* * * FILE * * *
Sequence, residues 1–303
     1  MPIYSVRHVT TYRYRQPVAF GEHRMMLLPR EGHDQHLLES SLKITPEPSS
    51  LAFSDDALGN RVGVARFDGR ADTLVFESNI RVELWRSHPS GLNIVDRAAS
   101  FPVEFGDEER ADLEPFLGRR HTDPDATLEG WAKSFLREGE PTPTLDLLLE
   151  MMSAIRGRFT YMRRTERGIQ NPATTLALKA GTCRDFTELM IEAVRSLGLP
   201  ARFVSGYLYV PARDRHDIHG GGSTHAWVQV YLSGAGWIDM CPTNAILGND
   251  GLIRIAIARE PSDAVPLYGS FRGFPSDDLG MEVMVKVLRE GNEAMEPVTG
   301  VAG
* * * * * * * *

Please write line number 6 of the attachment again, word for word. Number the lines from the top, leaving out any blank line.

   201  ARFVSGYLYV PARDRHDIHG GGSTHAWVQV YLSGAGWIDM CPTNAILGND